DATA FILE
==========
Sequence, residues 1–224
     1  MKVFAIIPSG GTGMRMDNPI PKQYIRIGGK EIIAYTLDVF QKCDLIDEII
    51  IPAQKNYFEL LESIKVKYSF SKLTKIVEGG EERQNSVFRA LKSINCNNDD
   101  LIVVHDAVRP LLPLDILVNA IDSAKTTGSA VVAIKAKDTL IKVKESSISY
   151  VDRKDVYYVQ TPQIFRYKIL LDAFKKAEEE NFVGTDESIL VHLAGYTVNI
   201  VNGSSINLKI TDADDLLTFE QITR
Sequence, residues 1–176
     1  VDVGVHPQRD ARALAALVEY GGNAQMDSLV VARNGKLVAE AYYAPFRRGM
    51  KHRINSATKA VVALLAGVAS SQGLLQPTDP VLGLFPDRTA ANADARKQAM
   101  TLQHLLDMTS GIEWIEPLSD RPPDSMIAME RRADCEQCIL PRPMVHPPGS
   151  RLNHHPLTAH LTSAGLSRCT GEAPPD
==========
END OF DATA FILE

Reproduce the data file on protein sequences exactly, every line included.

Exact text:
Sequence, residues 1–224
     1  MKVFAIIPSG GTGMRMDNPI PKQYIRIGGK EIIAYTLDVF QKCDLIDEII
    51  IPAQKNYFEL LESIKVKYSF SKLTKIVEGG EERQNSVFRA LKSINCNNDD
   101  LIVVHDAVRP LLPLDILVNA IDSAKTTGSA VVAIKAKDTL IKVKESSISY
   151  VDRKDVYYVQ TPQIFRYKIL LDAFKKAEEE NFVGTDESIL VHLAGYTVNI
   201  VNGSSINLKI TDADDLLTFE QITR
Sequence, residues 1–176
     1  VDVGVHPQRD ARALAALVEY GGNAQMDSLV VARNGKLVAE AYYAPFRRGM
    51  KHRINSATKA VVALLAGVAS SQGLLQPTDP VLGLFPDRTA ANADARKQAM
   101  TLQHLLDMTS GIEWIEPLSD RPPDSMIAME RRADCEQCIL PRPMVHPPGS
   151  RLNHHPLTAH LTSAGLSRCT GEAPPD